Seagrass is one of the most important coastal habitats where young ocean-going fish, such as Atlantic cod, can grow and develop before setting out on the journey of life. But these critically important habitats, are being damaged the world over, and it’s not just threatening biodiversity, but our capacity to actually have a fishery. Simply put, if there are no good habitats for baby fish to live in, that means less baby fish, and that means less adult fish in the future.
If this is not eroding the ‘fundamentals’ of the fishing industry then what is?
From my perspective, I see the growth of the Natural Capital movement as an important development because it creates a common language for articulating sustainability challenges. Although I do understand how one could be cynical about the concept.
In my world, as a marine ecologist, we often talk of ecosystem services, and how various habitats ‘provision’. In policy discussions, we talk about managing ecosystem provisioning whilst other stakeholders might talk about sustaining fish stocks. Two sides of the same coin? The current issue is that we have different communities measuring different things, which doesn’t always add up to a well-managed system. What we want is all the major stakeholders (the international community, national communities and corporations) talking the same language.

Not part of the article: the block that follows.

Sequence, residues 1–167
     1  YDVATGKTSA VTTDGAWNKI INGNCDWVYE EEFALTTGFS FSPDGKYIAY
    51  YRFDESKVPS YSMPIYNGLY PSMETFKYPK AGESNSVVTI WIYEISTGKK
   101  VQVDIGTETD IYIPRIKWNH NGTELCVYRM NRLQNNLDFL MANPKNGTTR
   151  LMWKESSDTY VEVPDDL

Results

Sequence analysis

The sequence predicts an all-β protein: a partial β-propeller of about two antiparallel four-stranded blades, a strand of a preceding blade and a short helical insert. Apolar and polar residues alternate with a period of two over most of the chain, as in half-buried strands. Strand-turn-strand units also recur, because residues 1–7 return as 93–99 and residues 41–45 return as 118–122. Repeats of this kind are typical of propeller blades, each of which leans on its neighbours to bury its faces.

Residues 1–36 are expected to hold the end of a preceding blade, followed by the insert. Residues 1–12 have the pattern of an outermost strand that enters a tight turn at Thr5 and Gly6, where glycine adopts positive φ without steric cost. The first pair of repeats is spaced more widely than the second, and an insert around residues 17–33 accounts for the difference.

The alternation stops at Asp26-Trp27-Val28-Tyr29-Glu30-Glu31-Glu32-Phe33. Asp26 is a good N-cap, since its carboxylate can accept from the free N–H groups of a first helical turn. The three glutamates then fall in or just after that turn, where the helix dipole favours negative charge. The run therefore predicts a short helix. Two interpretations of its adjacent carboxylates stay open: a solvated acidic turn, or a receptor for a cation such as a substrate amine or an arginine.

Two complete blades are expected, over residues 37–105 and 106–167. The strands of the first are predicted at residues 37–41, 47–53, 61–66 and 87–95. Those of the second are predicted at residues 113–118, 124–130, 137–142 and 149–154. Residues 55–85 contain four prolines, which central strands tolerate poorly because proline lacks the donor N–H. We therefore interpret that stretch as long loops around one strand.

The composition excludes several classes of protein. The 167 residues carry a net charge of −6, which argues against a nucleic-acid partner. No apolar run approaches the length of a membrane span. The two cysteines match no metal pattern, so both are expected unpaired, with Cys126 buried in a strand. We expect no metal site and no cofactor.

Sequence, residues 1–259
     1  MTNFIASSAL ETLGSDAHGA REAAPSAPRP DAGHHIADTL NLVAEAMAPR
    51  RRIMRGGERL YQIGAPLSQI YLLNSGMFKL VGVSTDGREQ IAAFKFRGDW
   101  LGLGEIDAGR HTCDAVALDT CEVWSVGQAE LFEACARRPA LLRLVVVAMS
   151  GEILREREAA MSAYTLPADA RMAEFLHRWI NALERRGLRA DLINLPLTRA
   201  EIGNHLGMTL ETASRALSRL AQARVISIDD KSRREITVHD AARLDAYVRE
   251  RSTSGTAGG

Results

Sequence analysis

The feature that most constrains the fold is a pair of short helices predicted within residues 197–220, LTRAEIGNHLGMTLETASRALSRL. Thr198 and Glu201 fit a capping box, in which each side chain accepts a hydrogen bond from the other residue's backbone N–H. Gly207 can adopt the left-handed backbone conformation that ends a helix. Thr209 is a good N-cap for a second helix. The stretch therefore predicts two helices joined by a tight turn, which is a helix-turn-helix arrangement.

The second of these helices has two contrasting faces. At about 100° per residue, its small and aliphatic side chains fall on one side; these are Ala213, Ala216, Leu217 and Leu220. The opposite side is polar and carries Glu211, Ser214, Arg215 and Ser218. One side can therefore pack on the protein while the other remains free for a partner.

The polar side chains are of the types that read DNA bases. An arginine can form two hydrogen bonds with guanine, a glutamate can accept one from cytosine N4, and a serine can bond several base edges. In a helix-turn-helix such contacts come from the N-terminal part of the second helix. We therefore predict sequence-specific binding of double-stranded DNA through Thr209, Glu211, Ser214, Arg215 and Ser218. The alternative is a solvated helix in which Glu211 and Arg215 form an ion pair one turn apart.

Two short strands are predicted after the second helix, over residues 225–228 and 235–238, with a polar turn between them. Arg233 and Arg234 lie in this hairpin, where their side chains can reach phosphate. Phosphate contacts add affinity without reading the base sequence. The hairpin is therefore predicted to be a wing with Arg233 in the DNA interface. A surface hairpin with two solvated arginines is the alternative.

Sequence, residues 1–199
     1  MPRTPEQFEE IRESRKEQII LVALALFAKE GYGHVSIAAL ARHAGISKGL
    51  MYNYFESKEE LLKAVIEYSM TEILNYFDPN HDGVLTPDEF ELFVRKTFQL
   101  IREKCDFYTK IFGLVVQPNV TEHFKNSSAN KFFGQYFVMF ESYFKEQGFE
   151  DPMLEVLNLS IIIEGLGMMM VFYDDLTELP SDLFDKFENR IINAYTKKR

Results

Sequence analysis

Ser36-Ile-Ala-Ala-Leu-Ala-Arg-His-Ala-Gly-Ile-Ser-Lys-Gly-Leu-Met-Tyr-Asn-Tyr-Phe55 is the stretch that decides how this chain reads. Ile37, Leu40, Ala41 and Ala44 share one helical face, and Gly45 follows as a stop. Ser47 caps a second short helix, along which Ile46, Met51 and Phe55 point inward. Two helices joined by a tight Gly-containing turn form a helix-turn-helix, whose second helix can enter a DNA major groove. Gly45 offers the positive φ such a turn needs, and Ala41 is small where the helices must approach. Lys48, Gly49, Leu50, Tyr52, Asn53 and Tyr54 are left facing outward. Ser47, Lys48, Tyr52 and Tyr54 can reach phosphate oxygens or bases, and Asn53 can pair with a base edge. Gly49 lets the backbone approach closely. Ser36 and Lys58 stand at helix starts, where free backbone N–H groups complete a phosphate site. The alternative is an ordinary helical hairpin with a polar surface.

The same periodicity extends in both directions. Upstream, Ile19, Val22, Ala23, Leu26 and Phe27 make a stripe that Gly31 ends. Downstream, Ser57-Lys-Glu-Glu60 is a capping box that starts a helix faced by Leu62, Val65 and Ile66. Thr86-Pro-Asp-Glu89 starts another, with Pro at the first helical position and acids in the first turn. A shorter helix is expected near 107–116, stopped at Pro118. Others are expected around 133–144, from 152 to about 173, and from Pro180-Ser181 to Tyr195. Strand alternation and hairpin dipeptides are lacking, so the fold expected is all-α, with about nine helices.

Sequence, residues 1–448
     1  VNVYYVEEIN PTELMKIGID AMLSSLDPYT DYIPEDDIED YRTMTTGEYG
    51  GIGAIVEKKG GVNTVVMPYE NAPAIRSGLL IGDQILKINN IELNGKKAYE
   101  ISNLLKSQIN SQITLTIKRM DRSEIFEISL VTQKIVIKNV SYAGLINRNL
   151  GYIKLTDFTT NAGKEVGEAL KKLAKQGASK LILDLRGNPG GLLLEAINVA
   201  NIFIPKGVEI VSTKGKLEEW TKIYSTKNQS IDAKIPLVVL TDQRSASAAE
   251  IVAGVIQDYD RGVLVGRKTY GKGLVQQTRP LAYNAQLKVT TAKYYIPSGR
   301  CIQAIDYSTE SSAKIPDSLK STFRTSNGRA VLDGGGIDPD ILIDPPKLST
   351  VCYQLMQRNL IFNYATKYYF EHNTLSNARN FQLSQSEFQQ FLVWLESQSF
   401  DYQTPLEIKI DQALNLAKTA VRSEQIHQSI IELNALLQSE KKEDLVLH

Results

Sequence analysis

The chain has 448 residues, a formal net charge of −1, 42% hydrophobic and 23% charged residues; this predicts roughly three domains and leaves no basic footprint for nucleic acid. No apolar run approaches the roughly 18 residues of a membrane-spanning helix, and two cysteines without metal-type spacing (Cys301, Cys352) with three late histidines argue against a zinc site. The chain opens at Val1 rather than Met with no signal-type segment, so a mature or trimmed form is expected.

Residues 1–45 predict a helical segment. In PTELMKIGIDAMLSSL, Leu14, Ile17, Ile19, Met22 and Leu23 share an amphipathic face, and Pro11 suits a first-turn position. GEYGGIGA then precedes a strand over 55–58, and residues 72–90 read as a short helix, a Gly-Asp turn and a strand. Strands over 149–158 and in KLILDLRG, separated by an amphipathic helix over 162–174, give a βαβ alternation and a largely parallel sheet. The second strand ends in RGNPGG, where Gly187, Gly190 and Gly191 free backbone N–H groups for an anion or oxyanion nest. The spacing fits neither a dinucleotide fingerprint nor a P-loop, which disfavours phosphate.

The challenge of implementing the SDGs relies on talking a common language for comparisons and metrics of performance within and between countries. The concern and pressure from governments will come from whether institutions are contributing to meeting SDGs, or making the process more difficult! So, stakeholders can be encouraged to align in the drive to meet SDGs and enable other stakeholders to transform towards sustainable trajectories.
Now the reason I am writing this blog is because a key aim of the GEC is to bring stakeholders together (from all walks of life!) to reform the global economy. In a bid for it to be greener, fairer and ultimately end poverty. Fundamentally, this involves reaching out of our professional circles to form unusual partnerships.
We should all be working towards the United Nations Sustainable Development Goals (SDGs) which are designed to be universal, and mean something to everybody.